… Today we heard Jesus say that The kingdom of heaven is like a mustard seed that when it has grown becomes the greatest of all shrubs. Um, the greatest of all shrubs?  What kind of off-brand kingdom is this?   It’s like saying someone is the smartest of all the idiots or the mightiest of all baby dolls. Yet he says Heaven’s kingdom is like Shrubs, and nets and yeast  – and the yeast part might be the worst when you realize that yeast is considered impure – we’re not talking little packets of Flieshman’s we find at King Soopers – we’re talking big lumps of mold which contaminate….and that in fact, Jews were required to  rid their entire house of yeast before celebrating some Holy Days.

We mistakenly may think that the kingdom of God should follow our value system and also be powerful or impressive and shiny. But that’s not what Jesus brings.  He brings a kingdom ruled by the crucified one – populated by the unclean, and suffused with mercy rather than power. And it’s always found in the unexpected.… Read the whole sermon

Share your thoughts about Brian’s sermon  and Nadia’s sermon and the words of Jesus in Matthew 13. Keep the conversation going, leave a comment; two fine preachers have set us to thinking about the kingdom…

A Proper 13 Art for Readings July 31, 2011


 SOGLIANI, Giovanni Antonio
(b. 1492, Firenze, d. 1544, Firenze)
Click to open Web Gallery of Art Artist Biography and to explore other works by this artist.

Multiplication of the Loaves and Fishes
1536
Drawing, black chalk and white on prepared paper, 217 x 335 mm
Galleria degli Uffizi, Florence
Click to open Web Gallery of Art display page, and an interesting comment for why this design was rejected.
 Click on their image to enlarge/fit page etc.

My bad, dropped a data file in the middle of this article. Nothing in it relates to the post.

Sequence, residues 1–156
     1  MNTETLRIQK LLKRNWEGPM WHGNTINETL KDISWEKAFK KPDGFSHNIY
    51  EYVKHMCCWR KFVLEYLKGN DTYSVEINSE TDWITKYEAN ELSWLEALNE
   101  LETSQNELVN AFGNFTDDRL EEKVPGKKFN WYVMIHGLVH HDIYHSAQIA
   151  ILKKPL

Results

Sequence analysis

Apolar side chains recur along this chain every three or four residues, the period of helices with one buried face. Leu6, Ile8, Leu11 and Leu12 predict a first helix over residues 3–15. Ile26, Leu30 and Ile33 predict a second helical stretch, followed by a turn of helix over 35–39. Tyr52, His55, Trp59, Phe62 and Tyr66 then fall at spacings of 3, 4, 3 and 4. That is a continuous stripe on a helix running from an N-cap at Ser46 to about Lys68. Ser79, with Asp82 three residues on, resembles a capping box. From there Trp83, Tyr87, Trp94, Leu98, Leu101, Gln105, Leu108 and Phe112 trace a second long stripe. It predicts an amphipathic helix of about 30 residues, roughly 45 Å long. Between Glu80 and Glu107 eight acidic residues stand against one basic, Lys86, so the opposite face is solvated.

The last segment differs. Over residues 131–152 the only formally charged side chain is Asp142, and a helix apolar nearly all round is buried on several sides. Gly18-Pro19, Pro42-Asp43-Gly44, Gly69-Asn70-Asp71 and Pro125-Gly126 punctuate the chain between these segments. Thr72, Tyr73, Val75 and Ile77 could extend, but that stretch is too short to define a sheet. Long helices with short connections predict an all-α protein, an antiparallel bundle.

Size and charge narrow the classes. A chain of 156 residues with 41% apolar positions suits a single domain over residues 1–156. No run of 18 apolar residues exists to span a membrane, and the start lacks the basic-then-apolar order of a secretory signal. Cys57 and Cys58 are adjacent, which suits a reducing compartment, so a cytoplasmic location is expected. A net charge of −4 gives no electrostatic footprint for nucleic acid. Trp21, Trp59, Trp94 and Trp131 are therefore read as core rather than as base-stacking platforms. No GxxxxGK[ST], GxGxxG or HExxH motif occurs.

Design rejected for the Convent of San Marco, Florence. Click to see the finished work accepted by the order.
 Click on their image to enlage/fit page etc.


Click here and scroll down to the 9th paragraph For Vasari’s account of the painting of the fresco for the Convent of San Marco, Florence.

Jacob dreamed

On Sunday, July 17th we read from the book of Genesis:

10    Jacob left Beer-sheba and went toward Haran.

11    He came to a certain place and stayed there for the night, because the sun had set. Taking one of the stones of the place, he put it under his head and lay down in that place.

12    And he dreamed that there was a ladder set up on the earth, the top of it reaching to heaven; and the angels of God were ascending and descending on it.

13    And the Lord stood beside him and said, “I am the Lord, the God of Abraham your father and the God of Isaac; the land on which you lie I will give to you and to your offspring;

14    and your offspring shall be like the dust of the earth, and you shall spread abroad to the west and to the east and to the north and to the south; and all the families of the earth shall be blessed in you and in your offspring.

15    Know that I am with you and will keep you wherever you go, and will bring you back to this land; for I will not leave you until I have done what I have promised you.”

16    Then Jacob woke from his sleep and said, “Surely the Lord is in this place—and I did not know it!”

17    And he was afraid, and said, “How awesome is this place! This is none other than the house of God, and this is the gate of heaven.”

18    So Jacob rose early in the morning, and he took the stone that he had put under his head and set it up for a pillar and poured oil on the top of it.

19    He called that place Bethel. —Genesis 28:10-19a

How is this (Genesis 28) our story?

Consider these questions about Jacob’s dream.

  • Do you believe this story?
  • Do you think that God has ever spoken to “mere mortals” in dreams?
  • Do you think that God, to this day, uses dreams as one way to communicate with us?
  • Do you know anyone who has dreamed and in that dream has heard God? If yes, do you believe what you have heard from this person? What clue(s) did the person use to know it was of God?
  • Have you ever “heard” God in a dream? How did you know it was God?
  • When was the last time God spoke to you in a dream?

These are a few of the questions that occur to me as I hear Jacob’s story. In the Sunday Morning Forum we shared our answers to some of these questions. We invite you to share your answers here as we continue to live in the light of this reading from Genesis. –djr

For further consideration and reflection

Consider that Jacob encountered God (v. 13), “a very personal Being.” within his dream, and was transformed. Dreams are mysterious in their power because of the One who meets us there at just the right time. —djr